Financial sanctions and natural language processing: supporting evolving client needs through innovation
By Sinead Mitchell, Citco (Canada) Inc.
Published: 28 November 2022
International financial sanctions are nothing new for the industry. The status of many regions around the world is often in flux, forcing investors such as hedge funds and other alternatives managers to think carefully about where they invest.
However, since the turn of the century, and specifically since 9/11, these sanctions have become increasingly targeted.
As the name suggests, this new breed of sanctions focus on specific individuals or companies. Following the invasion of Ukraine earlier this year a raft of sanctions was published by various international organisations and countries - including the European Union (EU), United Nations (UN) and United Kingdom (UK) - impacting Russian and Belarusian individuals and companies.
Adhering to these sanctions is one of the important tasks which asset servicers handle on a day-to-day basis for clients, and the industry has well-established and effective processes for this. These sanctions feed into the ongoing screening process of the Citco group of companies (Citco).
Using techniques such as fuzzy matching logic (which finds two similar - but not identical - elements of text or information), asset servicers can compare the individuals or companies named on sanctions lists against customer databases (i.e. clients, investors and their associated parties).
As it pertains to investors, the screening process is fed by the data collected via Citco’s Anti-Money Laundering Customer Due Diligence (AMLCDD) process.
While different AML regimes have different identification and verification requirements, many AML regulators have sought to address transparency issues in recent years by requiring asset servicers and their clients to fully understand ownership and control of non-individual investors – i.e. ultimate beneficial ownership (UBO).
This has resulted in a much enriched investor data set for screening, which has been helpful in trying to pre-prepare for potential sanctions.
However, amid the invasion of Ukraine, we have seen a shift this year. Clients have moved to get ahead of the official listings by understanding their potential exposure to Russia and Belarus, both in terms of their underlying investors and their investments.
This presented a new challenge; a shift from monitoring the ‘who’ to a focus of the ‘where’ in regard to domicile and nationality/citizenship.
In response to client requests to know the ‘where’ of their investors specifically, additional, bespoke extracts and reports are now being utilised to collate this data, and this is where technology is playing a growing role.
Can natural language processing help manage sanctions?
As sanctions can be implemented quickly, it is extremely helpful to be able to easily extract data from an asset servicer’s systems.
In the case of exposure to Russia and Belarus, Citco expanded its data set by applying natural language processing (NLP) to its document repositories. This process looked for specific data points on a document, for example, if the place of birth recorded on any passport is Moscow, USSR, etc. While the outputs required manual review, it is clear that this additional technology, once fully developed and tested, will offer an additional layer to Citco’s data collection tools.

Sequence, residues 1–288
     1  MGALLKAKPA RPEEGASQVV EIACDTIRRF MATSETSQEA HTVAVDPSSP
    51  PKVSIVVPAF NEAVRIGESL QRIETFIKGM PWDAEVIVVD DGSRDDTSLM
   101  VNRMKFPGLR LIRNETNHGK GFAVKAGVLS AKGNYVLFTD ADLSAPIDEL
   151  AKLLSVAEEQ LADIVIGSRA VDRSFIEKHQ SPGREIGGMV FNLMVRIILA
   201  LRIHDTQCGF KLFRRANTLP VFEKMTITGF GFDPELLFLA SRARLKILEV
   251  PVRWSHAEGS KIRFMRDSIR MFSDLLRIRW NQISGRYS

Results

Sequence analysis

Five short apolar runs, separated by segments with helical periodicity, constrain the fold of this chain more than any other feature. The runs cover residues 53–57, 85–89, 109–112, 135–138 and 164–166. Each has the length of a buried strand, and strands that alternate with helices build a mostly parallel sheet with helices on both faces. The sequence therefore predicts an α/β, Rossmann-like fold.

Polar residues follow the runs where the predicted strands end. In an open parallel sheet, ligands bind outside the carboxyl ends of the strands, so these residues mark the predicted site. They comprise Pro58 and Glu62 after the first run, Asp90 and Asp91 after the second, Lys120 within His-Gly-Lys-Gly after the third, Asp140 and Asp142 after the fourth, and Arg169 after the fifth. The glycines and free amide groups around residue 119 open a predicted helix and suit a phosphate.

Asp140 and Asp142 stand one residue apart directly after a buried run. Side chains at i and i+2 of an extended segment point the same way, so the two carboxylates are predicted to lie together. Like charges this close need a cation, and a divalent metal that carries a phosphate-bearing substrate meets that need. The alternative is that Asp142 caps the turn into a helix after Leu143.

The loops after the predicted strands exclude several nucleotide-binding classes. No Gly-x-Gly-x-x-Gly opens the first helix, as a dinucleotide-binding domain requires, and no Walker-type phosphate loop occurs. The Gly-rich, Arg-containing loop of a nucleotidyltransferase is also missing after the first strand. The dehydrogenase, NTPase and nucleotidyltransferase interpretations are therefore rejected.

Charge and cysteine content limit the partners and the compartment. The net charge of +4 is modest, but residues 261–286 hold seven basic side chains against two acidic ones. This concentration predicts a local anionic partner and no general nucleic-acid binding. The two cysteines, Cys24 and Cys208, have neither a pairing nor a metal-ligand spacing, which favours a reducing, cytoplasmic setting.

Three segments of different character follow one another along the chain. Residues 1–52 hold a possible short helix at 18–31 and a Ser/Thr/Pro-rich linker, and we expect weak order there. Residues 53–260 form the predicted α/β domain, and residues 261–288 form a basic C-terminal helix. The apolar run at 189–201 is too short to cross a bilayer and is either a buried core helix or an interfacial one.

However, it is important to understand that NLP is not a standalone solution. This type of data extraction has its limitations within the AMLCDD process. For example, in the case of Russian sanctions, a ‘Russian’ person could present a passport from a different jurisdiction, with a non-Russian nationality and non-Russian registered address.
As a result, the data captured, while compliant, would not present any nexus to Russia. In this scenario, the next stage is to use the name matching capabilities of Citco’s established screening process which would identify an actual sanction target, albeit only after the sanction is published.
So far we can see how NLP can be a useful tool rather than a one-stop-shop solution when it comes to sanctions. However, as demand for better data solutions grows, we will likely see NLP and other technologies used even more in this space.
Clients now want real-time, flexible reporting and analytics, and that means tools such as NLP – combined with existing processes – will take center stage in the battle to adhere to financial sanctions in the future
Being able to automate tasks such as financial sanction screening is undoubtedly a step forward for asset servicers when it comes to delivering ever more value to their clients.
NLP is also developing at a rapid rate. Trends seen in the space this year include an increasing ability to automatically complete parts of documents accurately based on less and less initial input.
While NLP is predominantly used to enhance the interpretation of text currently, it could well expand its reach into areas such as unstructured data, again bringing further benefits to asset servicers and their clients.
However, the future success of this is dependent not just on technological advancement, but also in the adoption of these technologies by all industry participants.
The more widespread the use of these tools across both investors and asset servicers is, the more streamlined the process will become as the various systems used by different organizations manage to talk to each other more clearly.
One other thing is also clear; now that this technology is being used, there will be no stepping back from it. Administrators looking to deliver the best possible service to their clients will need to incorporate these technologies more and more.